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Photographing Flowers with The Bucket Method

The following tutorial on how to make and convert a bucket shield to give flowers some protection from the wind and a nice strong background was submitted by our most prolific forum members – JiminyClickit (he’s posted over 1600 messages in our forums.

Are your outdoor shots blurred by wind?
Do you want photos with black backgrounds?
Would you prefer to leave blooms alive?


With a minimum of cost and effort, you can shield your subject from wind movement, while providing a strong background contrast, and without having to pluck it and set up indoors. By surrounding a bloom, or lower stalk, or tree branch with a suitable bucket device, great photos will be easier to capture without damaging the plant (especially good if it’s not yours).

From simple to more complex, the usefulness of this method will be determined by your individual needs. The size of the container, the material of which it’s made, your choice of holding / mounting it will all play a part in its successful use. Here are a few directions, suggestions and tips to get started.

Some tools you may need:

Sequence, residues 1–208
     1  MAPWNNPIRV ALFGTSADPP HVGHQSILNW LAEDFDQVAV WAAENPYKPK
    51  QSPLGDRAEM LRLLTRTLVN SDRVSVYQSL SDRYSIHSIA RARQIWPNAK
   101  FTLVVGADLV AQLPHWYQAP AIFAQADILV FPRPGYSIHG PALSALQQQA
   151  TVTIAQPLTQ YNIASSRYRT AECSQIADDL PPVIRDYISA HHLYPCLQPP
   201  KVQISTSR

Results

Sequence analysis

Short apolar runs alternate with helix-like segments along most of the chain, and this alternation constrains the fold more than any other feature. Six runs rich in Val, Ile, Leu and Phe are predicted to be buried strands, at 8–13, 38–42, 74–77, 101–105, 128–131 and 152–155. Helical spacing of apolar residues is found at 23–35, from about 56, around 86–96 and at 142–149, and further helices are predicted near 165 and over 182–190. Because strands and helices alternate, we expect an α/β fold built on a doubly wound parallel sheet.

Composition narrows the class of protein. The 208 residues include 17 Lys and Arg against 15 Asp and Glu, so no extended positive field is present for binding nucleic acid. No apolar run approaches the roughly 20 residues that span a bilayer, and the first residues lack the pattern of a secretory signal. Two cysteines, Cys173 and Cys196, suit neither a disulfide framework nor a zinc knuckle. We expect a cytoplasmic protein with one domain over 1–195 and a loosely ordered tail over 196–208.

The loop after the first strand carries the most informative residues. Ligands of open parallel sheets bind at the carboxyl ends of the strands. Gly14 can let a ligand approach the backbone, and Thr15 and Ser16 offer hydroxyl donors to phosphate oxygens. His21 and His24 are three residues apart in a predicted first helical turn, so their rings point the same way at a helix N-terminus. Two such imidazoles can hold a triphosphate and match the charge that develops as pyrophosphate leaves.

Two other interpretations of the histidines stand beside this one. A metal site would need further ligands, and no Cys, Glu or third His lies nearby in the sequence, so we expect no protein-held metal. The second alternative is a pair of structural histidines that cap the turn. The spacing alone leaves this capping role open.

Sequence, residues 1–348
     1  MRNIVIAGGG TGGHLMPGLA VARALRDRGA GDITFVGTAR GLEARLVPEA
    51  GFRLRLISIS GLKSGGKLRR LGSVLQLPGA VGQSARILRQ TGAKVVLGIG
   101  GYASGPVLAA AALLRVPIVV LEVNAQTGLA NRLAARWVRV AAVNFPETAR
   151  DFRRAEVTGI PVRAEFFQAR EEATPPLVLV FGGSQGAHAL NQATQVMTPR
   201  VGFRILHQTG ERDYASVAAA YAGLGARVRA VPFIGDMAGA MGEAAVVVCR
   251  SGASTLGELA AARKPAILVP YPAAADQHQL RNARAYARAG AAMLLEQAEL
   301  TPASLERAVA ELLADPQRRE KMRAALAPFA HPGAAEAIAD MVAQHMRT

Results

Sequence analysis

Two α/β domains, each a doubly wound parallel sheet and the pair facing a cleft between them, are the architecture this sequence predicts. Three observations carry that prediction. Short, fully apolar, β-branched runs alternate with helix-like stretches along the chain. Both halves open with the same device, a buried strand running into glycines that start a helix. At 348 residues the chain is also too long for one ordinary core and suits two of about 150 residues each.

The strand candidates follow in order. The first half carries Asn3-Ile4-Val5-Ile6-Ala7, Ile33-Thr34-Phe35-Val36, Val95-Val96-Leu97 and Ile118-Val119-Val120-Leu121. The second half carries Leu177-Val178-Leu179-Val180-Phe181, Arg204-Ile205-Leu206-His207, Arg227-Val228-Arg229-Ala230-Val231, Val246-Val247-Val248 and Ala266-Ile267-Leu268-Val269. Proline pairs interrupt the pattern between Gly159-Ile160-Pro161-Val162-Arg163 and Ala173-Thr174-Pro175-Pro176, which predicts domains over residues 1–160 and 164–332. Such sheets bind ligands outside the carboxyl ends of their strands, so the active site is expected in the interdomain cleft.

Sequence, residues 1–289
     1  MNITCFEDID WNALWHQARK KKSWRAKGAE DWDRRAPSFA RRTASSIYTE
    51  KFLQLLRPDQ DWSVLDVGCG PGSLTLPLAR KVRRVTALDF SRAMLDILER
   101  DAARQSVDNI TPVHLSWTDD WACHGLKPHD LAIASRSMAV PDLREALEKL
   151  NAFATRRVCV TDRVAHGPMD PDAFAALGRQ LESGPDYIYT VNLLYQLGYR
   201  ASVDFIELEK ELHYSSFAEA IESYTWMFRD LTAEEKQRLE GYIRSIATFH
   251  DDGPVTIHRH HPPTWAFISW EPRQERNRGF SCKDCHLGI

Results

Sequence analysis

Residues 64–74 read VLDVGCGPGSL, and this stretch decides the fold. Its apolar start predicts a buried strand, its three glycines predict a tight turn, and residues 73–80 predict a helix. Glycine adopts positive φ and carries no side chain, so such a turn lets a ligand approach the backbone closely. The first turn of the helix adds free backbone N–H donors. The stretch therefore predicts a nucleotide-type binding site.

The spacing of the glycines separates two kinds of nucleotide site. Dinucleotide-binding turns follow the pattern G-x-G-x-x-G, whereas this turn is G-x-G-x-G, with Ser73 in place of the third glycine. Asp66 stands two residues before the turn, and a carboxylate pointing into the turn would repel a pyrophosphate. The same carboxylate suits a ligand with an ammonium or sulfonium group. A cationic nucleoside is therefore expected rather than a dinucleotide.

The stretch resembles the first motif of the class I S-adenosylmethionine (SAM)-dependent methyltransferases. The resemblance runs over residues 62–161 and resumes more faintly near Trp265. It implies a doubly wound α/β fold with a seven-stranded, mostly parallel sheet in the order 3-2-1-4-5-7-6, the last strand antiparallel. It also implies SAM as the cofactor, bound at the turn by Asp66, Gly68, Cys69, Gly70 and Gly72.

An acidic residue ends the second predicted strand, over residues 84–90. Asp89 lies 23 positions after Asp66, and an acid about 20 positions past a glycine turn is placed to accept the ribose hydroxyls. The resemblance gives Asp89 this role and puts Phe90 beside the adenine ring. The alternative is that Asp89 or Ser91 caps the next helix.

• scissors
  • small saw
  • craft knife
  • plastic tape

Some materials you may need:

  • plastic bucket (oval)
  • ¼ inch wing nut
  • ¼ inch bolt, 1” long
  • plastic tape


How to Construct Your Bucket:

1. Drill this ¼” hole to attach a tripod. ¼” bolt may be used to attach to other supports.

2. Cut / saw these two slits to hold stem / branch of bloom / flower.

3. Cover slit with tape (both sides) to add grip. Cut tape in center.

Almost anything conical will work. You could form a shape with poster board (like an ice cream cone): hold with one hand, camera in other.

How to Use a Bucket to Photograph Flowers

On a Tripod
The most effective mount is this steady, hands-free attachment to a tripod (old cheap one).


Notice branch held in place by slit in bucket.


Off a Tripod


Down and dirty steady shot

Other Mounts

Foldable PVC pipe stand, bucket held with ¼” bolt and wing nut


Wrist straps allow two-handed control.

Pull at “A” to form neck strap


A few Results Shots


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Darren Rowse
Darren Rowse

is the editor and founder of Digital Photography School and SnapnDeals.

He lives in Melbourne Australia and is also the editor of the ProBlogger Blog Tips. Follow him on Instagram, on Twitter at @digitalPS or on Google+.

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